About 700,000 residents of Gombe, the capital of Gombe State, are about to face one of the most difficult times as their only and major source of clean water has stopped flowing.
This is happening despite the government’s claim that it has spent about N6.3 billion in providing water to the people of the state in the last two years.
The amount is enough to drill at least 200 standard boreholes (at N250, 000 per unit) in each of the 114 wards in the state, or 11 boreholes in each of its 2218 polling units.
In the 2015 fiscal, the Governor Ibrahim Dankwambo government budgeted N3.7 billion for water. This year, the government is spending N2.6 billion for the same purpose.
But despite such huge spending, Gombe state capital, is facing acute shortage of water due to lack of funds to service the city’s main source of water.
The multibillion Gombe State water works that pumps distilled water from Dadin-Kowa dam to the state capital, has been reported to have broken down due to lack of funds for its maintenance.
Should the situation persists, the city, which has a lower aquifer, may have to resort to unreliable sources for its daily water needs. Residents worry that such situation might trigger epidemic in the city.
In the past, nearby towns like Biu in Borno State, which shares similar geological characteristics with Gombe, faced epidemic like cholera after residents sourced drinking water from shallow boreholes and hand pumps.
This has heightened concern amongst the residents who lament the fear of returning to days of buying water from local push cart water-vendors.
A resident, Sani Haruna, in Jekadafari quarters, told PREMIUM TIMES that they often had to resort to the patronage of water vendors for domestic water use.
“Government have to prioritise its commitment; there are so many water projects that have been abandoned by the government, and these of course contributed to the suffering of the masses today”, said Mr. Haruna.
Another resident, Hauwa Idi of Bolari area in Gombe, said, “I have been spending N140 on water purchase daily, beside my payment of water rate to the state Water Corporation”.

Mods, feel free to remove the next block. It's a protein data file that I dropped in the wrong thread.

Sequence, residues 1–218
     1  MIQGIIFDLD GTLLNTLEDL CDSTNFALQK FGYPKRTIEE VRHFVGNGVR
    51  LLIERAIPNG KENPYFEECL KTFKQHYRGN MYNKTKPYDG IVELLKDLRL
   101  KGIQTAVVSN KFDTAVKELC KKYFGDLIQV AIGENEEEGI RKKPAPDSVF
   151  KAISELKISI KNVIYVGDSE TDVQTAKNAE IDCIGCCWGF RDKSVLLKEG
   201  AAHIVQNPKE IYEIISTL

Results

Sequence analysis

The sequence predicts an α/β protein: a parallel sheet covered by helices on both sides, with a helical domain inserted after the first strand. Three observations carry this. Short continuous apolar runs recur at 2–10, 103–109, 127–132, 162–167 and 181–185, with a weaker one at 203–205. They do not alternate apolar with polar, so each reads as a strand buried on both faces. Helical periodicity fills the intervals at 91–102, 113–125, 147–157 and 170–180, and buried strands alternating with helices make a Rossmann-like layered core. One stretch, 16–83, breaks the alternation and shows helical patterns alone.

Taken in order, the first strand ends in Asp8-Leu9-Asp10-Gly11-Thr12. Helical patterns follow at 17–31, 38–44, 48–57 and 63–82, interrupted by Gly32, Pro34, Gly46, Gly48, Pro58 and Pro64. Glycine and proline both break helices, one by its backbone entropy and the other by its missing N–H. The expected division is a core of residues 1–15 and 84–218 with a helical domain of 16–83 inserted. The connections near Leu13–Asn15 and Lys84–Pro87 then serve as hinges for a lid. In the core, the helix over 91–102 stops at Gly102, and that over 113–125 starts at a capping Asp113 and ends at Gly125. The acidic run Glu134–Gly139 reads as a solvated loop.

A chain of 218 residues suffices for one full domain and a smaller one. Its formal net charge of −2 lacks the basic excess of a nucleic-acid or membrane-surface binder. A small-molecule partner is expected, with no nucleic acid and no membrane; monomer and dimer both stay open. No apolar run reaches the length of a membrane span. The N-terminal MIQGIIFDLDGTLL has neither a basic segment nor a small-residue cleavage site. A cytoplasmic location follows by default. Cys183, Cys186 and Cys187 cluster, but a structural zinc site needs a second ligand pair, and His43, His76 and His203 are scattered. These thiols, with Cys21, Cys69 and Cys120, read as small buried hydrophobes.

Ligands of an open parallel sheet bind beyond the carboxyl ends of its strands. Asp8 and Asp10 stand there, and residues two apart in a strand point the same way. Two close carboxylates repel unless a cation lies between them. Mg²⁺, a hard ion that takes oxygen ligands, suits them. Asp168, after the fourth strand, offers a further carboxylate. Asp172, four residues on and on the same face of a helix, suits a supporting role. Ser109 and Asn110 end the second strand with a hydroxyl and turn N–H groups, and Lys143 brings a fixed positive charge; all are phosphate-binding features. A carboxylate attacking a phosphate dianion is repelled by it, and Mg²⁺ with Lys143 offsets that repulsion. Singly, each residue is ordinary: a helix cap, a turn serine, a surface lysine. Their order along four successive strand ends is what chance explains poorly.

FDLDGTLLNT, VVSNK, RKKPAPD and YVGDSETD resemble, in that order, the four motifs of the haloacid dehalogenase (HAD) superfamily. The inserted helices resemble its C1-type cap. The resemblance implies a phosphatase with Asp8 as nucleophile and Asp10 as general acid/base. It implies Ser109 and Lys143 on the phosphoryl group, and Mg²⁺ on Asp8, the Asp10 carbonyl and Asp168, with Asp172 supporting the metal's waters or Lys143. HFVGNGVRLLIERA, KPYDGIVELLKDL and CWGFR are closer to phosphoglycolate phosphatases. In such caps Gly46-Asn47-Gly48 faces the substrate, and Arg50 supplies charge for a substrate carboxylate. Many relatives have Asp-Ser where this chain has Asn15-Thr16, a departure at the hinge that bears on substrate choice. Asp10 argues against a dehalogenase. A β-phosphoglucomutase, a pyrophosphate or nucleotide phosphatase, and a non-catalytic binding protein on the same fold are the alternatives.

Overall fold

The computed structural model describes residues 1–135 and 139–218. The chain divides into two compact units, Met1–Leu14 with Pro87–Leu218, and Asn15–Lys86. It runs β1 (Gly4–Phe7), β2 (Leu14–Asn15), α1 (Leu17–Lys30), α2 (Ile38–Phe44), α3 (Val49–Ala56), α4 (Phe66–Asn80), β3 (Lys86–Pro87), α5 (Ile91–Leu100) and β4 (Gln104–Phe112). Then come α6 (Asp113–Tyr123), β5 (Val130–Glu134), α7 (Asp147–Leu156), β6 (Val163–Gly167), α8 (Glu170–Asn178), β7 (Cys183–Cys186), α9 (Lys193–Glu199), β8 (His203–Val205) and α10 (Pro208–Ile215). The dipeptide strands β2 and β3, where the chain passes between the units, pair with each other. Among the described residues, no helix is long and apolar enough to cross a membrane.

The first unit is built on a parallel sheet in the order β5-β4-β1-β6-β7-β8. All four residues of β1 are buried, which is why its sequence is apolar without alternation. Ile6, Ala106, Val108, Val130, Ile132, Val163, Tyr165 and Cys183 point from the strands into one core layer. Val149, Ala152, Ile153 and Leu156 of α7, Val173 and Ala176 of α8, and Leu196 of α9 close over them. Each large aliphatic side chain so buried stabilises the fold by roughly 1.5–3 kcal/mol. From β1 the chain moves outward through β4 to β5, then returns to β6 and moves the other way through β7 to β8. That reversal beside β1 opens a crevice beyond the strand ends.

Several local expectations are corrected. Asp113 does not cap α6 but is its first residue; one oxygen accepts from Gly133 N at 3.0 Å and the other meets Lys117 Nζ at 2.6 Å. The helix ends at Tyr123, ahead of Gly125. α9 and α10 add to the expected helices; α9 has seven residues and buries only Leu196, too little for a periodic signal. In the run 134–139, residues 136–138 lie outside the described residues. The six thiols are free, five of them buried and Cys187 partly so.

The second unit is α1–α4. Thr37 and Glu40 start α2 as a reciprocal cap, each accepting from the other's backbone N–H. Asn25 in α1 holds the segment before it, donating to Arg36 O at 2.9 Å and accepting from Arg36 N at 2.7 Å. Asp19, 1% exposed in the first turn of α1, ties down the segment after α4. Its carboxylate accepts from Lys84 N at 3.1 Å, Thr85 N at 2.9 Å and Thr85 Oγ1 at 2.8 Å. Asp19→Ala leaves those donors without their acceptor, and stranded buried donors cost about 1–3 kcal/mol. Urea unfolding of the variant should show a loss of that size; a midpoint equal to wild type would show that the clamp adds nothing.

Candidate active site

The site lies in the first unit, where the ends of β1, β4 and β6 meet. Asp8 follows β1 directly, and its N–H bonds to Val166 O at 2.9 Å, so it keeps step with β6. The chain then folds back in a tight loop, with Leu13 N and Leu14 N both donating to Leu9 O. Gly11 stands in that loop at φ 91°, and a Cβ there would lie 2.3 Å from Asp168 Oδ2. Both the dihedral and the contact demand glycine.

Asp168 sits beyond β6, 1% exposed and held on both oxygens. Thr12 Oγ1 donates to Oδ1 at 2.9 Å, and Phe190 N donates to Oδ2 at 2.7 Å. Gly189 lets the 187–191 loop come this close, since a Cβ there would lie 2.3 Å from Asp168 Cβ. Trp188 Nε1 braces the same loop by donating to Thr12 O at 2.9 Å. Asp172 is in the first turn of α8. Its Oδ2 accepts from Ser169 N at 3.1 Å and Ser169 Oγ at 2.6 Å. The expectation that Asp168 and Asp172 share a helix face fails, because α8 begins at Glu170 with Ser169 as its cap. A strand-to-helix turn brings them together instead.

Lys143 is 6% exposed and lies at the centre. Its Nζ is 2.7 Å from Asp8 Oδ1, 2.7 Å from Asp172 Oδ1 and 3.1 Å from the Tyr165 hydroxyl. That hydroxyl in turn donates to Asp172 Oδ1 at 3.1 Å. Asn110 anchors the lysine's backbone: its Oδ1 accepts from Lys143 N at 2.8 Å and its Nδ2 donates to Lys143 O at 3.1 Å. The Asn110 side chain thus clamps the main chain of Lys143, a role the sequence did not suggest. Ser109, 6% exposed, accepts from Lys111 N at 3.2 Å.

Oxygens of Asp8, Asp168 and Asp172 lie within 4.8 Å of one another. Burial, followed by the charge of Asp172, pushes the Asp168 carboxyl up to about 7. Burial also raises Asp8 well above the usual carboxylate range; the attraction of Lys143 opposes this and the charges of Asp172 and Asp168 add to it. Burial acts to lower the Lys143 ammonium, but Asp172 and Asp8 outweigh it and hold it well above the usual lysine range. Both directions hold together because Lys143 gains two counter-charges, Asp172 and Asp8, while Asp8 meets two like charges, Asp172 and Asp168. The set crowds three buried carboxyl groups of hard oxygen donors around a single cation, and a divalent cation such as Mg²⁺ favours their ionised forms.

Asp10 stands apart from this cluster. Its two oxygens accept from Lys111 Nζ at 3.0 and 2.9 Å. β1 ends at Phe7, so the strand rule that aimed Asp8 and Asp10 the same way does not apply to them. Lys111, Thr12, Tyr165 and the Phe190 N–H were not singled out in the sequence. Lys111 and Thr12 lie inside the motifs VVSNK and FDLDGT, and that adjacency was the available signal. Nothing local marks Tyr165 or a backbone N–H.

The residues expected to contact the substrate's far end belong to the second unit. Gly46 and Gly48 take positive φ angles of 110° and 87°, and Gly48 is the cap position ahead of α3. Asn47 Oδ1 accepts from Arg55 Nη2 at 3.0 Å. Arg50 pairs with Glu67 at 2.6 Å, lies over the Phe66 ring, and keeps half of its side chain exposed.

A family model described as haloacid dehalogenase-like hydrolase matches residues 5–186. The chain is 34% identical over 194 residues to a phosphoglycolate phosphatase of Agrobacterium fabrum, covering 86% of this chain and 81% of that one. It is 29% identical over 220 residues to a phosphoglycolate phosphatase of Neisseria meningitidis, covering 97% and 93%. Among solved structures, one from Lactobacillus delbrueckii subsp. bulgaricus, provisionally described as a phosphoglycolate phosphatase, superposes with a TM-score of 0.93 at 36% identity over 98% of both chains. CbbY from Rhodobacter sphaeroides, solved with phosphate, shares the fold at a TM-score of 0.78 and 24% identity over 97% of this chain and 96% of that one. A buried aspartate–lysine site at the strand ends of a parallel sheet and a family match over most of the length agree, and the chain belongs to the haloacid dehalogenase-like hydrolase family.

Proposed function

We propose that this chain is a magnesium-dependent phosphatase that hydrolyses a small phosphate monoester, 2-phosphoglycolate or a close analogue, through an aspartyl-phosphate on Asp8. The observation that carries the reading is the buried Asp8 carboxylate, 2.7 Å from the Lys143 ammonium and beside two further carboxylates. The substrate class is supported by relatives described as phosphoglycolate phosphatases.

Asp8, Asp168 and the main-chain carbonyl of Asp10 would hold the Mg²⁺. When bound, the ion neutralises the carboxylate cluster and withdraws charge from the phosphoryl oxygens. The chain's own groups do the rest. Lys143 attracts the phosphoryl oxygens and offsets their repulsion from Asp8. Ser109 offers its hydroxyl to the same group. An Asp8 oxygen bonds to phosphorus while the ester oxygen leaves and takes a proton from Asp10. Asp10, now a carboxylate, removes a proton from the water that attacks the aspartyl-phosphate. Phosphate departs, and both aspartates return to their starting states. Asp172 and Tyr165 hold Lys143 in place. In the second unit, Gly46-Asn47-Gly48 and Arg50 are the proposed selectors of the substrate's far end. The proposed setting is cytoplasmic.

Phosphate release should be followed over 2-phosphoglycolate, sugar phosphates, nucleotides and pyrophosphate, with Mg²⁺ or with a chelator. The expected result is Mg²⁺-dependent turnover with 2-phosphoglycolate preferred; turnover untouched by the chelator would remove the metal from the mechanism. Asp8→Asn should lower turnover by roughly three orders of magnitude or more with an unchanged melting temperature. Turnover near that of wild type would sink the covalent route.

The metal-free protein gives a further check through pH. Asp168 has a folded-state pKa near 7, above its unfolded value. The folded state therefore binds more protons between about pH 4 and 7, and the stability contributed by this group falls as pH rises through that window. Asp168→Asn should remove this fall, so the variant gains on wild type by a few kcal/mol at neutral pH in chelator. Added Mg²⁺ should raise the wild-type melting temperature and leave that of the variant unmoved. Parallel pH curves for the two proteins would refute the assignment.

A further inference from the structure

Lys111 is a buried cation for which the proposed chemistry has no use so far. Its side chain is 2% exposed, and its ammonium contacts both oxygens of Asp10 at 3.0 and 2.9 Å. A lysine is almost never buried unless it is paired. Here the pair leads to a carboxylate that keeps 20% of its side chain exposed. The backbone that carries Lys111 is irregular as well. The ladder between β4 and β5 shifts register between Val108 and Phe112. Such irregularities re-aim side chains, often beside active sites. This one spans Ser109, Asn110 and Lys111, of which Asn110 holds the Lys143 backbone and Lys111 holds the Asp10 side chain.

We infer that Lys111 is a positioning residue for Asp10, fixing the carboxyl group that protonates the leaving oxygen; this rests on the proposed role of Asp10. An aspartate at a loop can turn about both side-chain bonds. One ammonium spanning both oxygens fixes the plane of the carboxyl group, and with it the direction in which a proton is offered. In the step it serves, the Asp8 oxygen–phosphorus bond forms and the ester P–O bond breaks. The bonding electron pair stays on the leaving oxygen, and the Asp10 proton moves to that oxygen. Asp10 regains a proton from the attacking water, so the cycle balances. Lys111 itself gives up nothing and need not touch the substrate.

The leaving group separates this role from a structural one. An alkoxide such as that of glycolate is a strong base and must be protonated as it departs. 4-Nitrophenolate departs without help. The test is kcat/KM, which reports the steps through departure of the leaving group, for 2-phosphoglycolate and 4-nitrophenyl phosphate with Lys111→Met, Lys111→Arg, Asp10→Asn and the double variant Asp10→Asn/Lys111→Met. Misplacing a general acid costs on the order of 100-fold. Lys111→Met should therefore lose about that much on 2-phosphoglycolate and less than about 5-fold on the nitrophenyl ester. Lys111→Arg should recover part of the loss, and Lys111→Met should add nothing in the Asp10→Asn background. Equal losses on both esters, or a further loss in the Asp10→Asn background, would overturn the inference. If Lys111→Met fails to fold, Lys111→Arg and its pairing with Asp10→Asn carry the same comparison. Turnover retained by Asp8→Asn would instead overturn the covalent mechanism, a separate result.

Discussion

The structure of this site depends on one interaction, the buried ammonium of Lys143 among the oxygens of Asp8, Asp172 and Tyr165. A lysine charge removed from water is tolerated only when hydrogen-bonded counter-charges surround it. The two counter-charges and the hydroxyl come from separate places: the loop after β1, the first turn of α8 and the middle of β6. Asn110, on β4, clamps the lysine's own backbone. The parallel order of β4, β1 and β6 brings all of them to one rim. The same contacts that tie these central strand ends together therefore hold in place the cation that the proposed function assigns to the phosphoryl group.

“We plead with the government to make the supply of potable water regular and also they should try to fix pipe leakages so as to minimize wastages,” she said.
The General Manager of the Gombe State Water Board, Isa Muhammad, confirmed that the water works needed servicing, a situation which he blamed on lack of maintenance by the poorly funded water management board.
He further blamed the situation on poor response of the people to payments of their water utility levies.
“All through last year, only a paltry sum of six million naira (N6, 000,000) was realised from the payment of water rates, because the people are used to the habit of not paying for the consumption of water,” said Mr. Muhammad.
According to him, the glaring economic recession has made it mandatory for the Water Board to really sit up and look inward.
He also alluded to the water board servicing illegal consumers who secretly tap water from the reticulated pipes.
He said the board would soon engage a high-powered task force that would begin a massive revenue drive especially from defaulters of water rates.
The general manager said a task force set up to commence work soon, would engage in massive registration of illegal consumers as well as ensure that defaulters of water rates are made to pay for the water they consume.
The manager said the Gombe water project was initially designed some 10 years ago to provide water for about 300, 000 residents of the state capital and its environs, but has now been overstretched to provide water for about 700,000 residents.
He blamed the exponential increase in the city’s population on the influx of Boko Haram displaced persons into the city and its environs.
Gombe State had in its 2016 fiscal years budgeted N2.6 billion for the provision of water to its citizenry. While in 2015, the state spent N3.7 billion in the water sector.